What size solar panel do you need to charge a 12v battery?
Firstly you need to know how much power is required, and how big the 12v battery you need to charge is.
Generally speaking, the size of the 12v battery is less important than the size of the solar panel. Ideally, the amount of power a solar panel generates needs to be the same as (or more than) the amount of power required per day.
If on an average day, there is say 4 hours of sun, and you are using a 100W solar panel, then the panel will produce around 400 watt-hours of electricity. However, some of this power will be lost through the solar charge controller, cables, and battery.
Charging a small capacity 12v battery using a large 100W solar panel for example, is not an efficient use of the suns rays. A small 12v battery will charge quicker than a larger one, but once the battery is fully charged any additional power produced by the solar panel will be wasted rather than stored in the battery for use later on.
So, as a rule, it’s not a good idea to use a large solar panel to charge a small battery. Another variable to consider is the batteries charging current limit. You need to check that your battery can receive the output current of the solar panel you intend to use.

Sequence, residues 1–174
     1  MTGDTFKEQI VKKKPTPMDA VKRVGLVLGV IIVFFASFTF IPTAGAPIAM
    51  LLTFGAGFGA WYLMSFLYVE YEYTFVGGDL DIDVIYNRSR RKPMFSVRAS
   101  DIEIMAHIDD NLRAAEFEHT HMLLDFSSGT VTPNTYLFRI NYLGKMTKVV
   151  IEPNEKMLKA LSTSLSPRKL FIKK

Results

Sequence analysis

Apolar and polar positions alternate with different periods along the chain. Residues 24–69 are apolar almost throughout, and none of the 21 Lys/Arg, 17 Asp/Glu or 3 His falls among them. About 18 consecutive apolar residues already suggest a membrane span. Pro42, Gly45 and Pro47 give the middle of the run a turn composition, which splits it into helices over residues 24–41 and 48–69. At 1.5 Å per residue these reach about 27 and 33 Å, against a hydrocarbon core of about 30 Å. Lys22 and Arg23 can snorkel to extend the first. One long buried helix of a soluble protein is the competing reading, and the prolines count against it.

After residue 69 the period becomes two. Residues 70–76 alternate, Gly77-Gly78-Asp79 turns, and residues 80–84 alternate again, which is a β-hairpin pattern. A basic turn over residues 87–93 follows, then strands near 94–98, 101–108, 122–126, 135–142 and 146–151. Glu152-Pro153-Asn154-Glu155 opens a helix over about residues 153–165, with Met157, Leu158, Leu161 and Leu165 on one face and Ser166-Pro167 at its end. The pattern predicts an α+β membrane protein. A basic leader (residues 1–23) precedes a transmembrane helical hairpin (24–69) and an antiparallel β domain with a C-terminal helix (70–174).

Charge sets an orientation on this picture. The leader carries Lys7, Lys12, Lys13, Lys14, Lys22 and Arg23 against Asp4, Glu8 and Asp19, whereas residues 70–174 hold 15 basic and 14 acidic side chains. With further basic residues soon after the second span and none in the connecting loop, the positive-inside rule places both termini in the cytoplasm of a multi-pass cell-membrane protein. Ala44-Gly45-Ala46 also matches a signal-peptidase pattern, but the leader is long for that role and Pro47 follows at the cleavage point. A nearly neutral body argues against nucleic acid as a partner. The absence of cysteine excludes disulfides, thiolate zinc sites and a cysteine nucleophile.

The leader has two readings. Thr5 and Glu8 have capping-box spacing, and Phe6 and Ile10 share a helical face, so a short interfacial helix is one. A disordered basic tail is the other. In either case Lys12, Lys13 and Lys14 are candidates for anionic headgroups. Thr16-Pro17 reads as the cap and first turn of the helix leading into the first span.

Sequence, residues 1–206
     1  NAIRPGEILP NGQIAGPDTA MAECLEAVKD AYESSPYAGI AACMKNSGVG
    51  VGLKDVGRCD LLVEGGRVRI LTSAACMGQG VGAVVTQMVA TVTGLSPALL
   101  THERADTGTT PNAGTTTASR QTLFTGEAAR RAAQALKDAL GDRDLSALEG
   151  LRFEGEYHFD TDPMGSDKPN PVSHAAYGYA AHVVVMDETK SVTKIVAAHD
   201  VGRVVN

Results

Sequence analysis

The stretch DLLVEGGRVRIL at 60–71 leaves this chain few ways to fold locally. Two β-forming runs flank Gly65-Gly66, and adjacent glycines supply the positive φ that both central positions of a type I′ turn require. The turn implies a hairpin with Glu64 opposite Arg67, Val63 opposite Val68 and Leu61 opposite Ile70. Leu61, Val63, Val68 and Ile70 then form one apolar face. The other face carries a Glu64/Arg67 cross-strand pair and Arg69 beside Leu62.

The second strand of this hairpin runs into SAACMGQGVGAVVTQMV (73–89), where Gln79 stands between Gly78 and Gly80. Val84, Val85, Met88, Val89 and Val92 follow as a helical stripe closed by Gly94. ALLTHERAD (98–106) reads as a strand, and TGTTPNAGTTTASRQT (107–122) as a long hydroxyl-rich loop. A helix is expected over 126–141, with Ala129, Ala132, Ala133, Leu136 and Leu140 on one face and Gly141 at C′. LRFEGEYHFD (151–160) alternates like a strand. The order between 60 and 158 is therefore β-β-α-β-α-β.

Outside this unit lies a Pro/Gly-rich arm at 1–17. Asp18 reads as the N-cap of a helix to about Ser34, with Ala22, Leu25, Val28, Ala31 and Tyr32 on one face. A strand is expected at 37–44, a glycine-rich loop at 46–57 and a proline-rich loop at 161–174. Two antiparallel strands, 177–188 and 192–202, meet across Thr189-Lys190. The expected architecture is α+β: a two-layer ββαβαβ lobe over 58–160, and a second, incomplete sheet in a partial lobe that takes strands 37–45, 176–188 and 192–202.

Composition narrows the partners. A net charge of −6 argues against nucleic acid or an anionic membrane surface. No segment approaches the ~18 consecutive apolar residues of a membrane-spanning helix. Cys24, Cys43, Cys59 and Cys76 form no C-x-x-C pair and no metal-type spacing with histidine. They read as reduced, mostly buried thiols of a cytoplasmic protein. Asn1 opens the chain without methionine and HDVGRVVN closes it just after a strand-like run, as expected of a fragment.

How many solar panels do you need to charge a 12 volt battery?
This will depend on your power requirements. A single 10w solar panel will be enough to trickle charge a 12v battery. For medium to heavy loads, just one 100w solar panel will keep your campervan’s battery supplied with all the energy it needs. Note: This doesn’t include boiling an electric kettle or running a fridge. These are very power hungry appliances.
Reading through the rest of this article will give you a good understanding of solar energy basics, and help you to decide what size solar panel setup is right for you. If preferred, you can go straight to the section that best describes your needs. To do this, choose one of the scenarios below, then skip to that section by clicking the link – there you’ll find a solar panel setup tailored to that particular scenario.
I want a solar panel to prevent my 12v battery from going flat when it’s not being used. I just want to keep the battery topped up using a trickle charge.
Yep, that’s me – Skip to this section.
I will be using a small amount of power for approximately 2 to 3 hours a day. e.g using energy efficient led lights, charging a mobile phone, and occasional laptop use.
Yep, that’s me – Skip to this section.
I need plenty of power for running my lighting, water pump, charging my mobiles phones, frequent use of my laptop, watching TV and powering my other devices.
Yep, that’s me – Skip to this section.
How much power do you actually use per day?
To work out how much power you use in a day. You first need to know the wattage of your devices and appliances. And also how many hours a day on average, they are being used.
For example, if a 10W device is used for 4 hours, then you multiply 10 x 4 which is 40 watts. Use this method to calculate the total amount of energy consumption per day for all your devices. Then add them together, to get the total amount of energy used per day.